Jr. G: Jalen Brunson (Proj. Stats: 17 PPG, 5 APG, .48 FG%)
Jalen Brunson returns as the Wildcats’ go-to scorer and playmaker. Brunson, a highly touted recruit out of Stevenson High School, will finally get his chance to be the ultimate go-to scorer for the Wildcats. After earning unanimous First Team All-Big East honors last year, the guard has received many preseason accolades, including preseason All-American. Brunson will have a strong interior big man with Omari Spellman to complement his game. That will add an inside-outside aspect that the Wildcats didn’t have last year. Brunson seems poised to have a breakout year, but the team’s success will directly hinge on his ability to score and create for teammates on an every game basis.
Villanova guard Jalen Brunson dribbles against Seton Hall at the Prudential Center.
(Rich Graessle/Icon Sportswire)
RS-Jr. G: Phil Booth (Proj. Stats: 8 PPG, 3 APG, .37 3P%)
Phil Booth returns after sitting out last year due to left knee inflammation. His first two years were encouraging, where he showed his all-around basketball ability. As a freshman, he shot 64.5% from 2-point range and 48.5% from 3 while during his sophomore year he improved his defensive box plus-minus from 0.8 to 2.7. Booth will probably play beside Jalen Brunson where the junior guard will need to provide a 3-point threat for the Wildcats. Coach Jay Wright has shown that he is not afraid to play two point guards at the same time. Both Booth and Brunson are experienced and should share a fair amount of minutes in the backcourt together.
RS-So. G: Donte DiVincenzo (Proj. Stats: 10 PPG, 3 RPG, .48 FG%)
A year after injuring himself in his freshman season, playing a mere 74 minutes, fans weren’t too sure what to expect from the guard. Donte DiVincenzo returned last season and instantly showed why he should be a major contributor for the Wildcats going forward. The redshirt freshman, who had been touted as the “Michael Jordan of Delaware” in high school, exemplified his sheer athleticism and toughness from the get-go. There was never a worry that DiVincenzo was going to fight until the end. He became an integral part of the rotation, averaging 29.3 minutes per game in the final 10 games of the season. While DiVincenzo was used more as a spark plug off the bench last year, he will be asked to step into the lineup and score on a consistent basis this season.
RS-Jr. F: Mikal Bridges (Proj. Stats: 11 PPG, 6 RPG, .38 3P%)
After an improved sophomore campaign, the Pennsylvania native has received a fair amount of buzz about his NBA stock this offseason. While Villanova faithful knew that Bridges was a lockdown defender, he really lived up to the hype, earning Big East Defensive Player of the Year last year. Often characterized only as a defensive stopper, Bridges also showed his ability to score on a consistent basis. The guard/forward shot 69.4% from 2-point shots, while significantly increasing his 3-point percentage from 29.9% to 39.3% in the matter of a year. He also brought his free throw percentage up from 78.7% to 91.1%. Bridges will have to take on a bigger load offensively this season, but as the ‘4’, he will face mismatches on a nightly basis. With two point guards and the athletic Divincenzo and Bridges filling the lanes, the Wildcats will be able to run the fast break. In the past few years, the small ball lineup has worked and been a staple for coach Jay Wright. This year should be no different.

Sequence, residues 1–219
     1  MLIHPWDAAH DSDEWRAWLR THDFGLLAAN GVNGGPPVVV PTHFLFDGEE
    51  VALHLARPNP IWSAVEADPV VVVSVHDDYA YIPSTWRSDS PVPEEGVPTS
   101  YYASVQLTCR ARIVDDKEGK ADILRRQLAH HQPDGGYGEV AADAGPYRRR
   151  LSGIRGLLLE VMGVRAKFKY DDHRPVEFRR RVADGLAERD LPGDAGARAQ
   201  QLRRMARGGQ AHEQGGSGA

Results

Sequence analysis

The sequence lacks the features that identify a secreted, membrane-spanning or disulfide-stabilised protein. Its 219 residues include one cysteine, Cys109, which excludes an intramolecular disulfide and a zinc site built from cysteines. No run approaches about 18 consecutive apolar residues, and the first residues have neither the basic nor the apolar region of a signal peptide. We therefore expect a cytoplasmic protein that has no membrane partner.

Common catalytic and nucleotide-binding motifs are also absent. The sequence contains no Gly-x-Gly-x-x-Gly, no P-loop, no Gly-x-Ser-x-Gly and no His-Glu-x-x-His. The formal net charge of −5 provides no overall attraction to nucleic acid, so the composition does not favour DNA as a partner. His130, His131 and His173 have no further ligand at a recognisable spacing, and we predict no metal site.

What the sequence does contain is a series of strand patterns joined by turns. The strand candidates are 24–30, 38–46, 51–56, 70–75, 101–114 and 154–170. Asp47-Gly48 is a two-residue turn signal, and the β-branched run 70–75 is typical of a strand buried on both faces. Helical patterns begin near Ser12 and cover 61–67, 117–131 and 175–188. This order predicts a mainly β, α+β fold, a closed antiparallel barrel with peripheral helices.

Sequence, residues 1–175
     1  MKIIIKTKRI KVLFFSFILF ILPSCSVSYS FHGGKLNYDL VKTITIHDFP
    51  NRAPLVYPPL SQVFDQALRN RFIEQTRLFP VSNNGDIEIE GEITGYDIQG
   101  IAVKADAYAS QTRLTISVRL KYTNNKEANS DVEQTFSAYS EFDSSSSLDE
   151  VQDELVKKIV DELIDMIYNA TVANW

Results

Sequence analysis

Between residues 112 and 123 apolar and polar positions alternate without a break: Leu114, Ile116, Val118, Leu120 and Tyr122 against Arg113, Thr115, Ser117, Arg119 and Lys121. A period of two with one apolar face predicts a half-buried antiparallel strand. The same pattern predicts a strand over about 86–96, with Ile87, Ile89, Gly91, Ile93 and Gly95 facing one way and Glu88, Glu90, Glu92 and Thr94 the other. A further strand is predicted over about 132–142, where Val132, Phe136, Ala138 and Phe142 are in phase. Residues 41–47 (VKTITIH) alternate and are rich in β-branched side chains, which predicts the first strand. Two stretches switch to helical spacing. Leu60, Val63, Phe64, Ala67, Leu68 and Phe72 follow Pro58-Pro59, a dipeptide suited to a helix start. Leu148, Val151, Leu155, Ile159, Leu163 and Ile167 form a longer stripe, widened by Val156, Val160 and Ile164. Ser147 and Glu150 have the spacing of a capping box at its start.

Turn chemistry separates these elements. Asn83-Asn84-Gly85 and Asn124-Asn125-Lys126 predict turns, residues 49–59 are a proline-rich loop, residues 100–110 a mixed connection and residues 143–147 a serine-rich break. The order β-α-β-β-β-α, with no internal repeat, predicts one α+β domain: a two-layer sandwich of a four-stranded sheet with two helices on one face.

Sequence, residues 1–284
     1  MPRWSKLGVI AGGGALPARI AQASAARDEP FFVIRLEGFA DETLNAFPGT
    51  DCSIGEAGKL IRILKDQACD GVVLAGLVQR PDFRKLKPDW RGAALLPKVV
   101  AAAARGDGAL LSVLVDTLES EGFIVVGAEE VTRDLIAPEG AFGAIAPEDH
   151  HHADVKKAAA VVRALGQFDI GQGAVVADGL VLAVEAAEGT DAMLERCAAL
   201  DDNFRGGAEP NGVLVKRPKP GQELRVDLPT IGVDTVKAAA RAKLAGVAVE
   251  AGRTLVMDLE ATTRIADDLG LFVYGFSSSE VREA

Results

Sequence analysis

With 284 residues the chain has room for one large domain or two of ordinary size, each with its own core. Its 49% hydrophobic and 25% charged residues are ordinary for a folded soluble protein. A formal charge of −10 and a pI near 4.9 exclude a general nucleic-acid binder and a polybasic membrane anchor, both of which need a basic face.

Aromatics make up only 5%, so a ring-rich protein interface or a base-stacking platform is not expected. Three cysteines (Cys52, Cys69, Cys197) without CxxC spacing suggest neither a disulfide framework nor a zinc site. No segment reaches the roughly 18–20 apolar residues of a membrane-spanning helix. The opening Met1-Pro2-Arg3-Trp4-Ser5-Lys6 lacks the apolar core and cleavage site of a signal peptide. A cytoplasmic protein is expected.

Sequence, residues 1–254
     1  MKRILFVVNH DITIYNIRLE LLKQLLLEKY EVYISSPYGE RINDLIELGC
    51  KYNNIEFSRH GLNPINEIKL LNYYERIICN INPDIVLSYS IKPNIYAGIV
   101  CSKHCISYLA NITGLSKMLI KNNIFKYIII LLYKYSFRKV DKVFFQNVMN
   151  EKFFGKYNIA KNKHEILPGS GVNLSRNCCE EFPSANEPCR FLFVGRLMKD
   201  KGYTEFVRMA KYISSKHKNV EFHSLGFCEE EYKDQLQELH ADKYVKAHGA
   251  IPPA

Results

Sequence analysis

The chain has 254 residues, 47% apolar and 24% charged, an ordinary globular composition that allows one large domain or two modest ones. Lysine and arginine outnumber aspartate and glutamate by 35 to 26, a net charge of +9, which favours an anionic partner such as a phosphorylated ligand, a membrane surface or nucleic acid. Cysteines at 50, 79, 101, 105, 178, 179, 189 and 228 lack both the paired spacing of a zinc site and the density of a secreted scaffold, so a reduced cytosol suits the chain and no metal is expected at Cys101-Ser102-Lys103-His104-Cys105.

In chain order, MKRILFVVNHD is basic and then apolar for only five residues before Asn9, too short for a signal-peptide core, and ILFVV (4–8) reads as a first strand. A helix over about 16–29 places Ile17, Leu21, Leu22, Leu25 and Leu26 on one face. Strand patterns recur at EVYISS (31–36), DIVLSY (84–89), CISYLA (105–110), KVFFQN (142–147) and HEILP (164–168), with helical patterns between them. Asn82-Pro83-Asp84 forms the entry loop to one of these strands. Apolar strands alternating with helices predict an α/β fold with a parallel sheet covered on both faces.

F: Omari Spellman (Proj. Stats: 13 PPG, 8 RPG, .54 FG%)
Omari Spellman was expected to be a major part of the Wildcats’ regular lineup when it was deemed that he would have to sit out for the 2016-17 season. This came after the NCAA deemed that Spellman had not completed the mandated 16 core high school courses in the proper amount of time during his high school years. With that in the past, Spellman is bound for a successful year. Spellman is a big body who can complement Jay Wright’s backcourt game well. The Ohio native can play in the post while also step out and hit the 3, which will work well with Jalen Brunson’s ability to effectively run the pick-and-roll. Spellman was ranked by ESPN as the 18th best player in the recruiting class of 2016 and has cut his weight down from 275 pounds to 245 pounds, which will certainly help him defensively. Expect a more mobile, but equally strong interior player. He is a complete offensive weapon and it will be interesting to see how the Wildcats use him in the frontcourt. He could emerge as the team’s second go-to scorer next to Brunson because of his size and offensive versatility.
Reserves: Eric Paschall (F, RS-Jr.), Jermaine Samuels (F, Fr.), Dylan Painter (F, So.), Dhamir Cosby-Roundtree (F, Fr.), Collin Gillespie (G, Fr.), Tim Delaney (F, RS-So.)
Eric Paschall made his debut last year for the Wildcats after sitting out a year due to NCAA transfer rules. The 2015 Atlantic-10 Rookie of the Year primarily came in off the bench last season although that did not stop Paschall from contributing. He played in all 36 games and averaged 7.2 points, 3.8 rebounds, and shot 51% from the field. Even though Paschall is 6-foot-9, 255 pounds, he has the skill of a guard who can beat his man off the dribble and shoot from around the perimeter. Paschall will be ‘Nova’s primary reserve and will see plenty of playing time.
With Donte DiVincenzo likely to start this season, Jermaine Samuels will likely be the first guard off the bench this year for the Wildcats. Like DiVincenzo, Samuels is a special athlete who has the versatility to play various positions. Samuels can score the basketball in a number of different ways but may be asked to focus on defense and moving without the ball early on in his Wildcat career.
Dylan Painter did not see very much playing time last season and with coach Wright likely to keep a tight rotation this season, the Hershey native may have to continue to wait his turn. He will compete with Dhamir Cosby-Roundtree and Tim Delaney for minutes. It would be hard to imagine coach Wright playing all three consistently.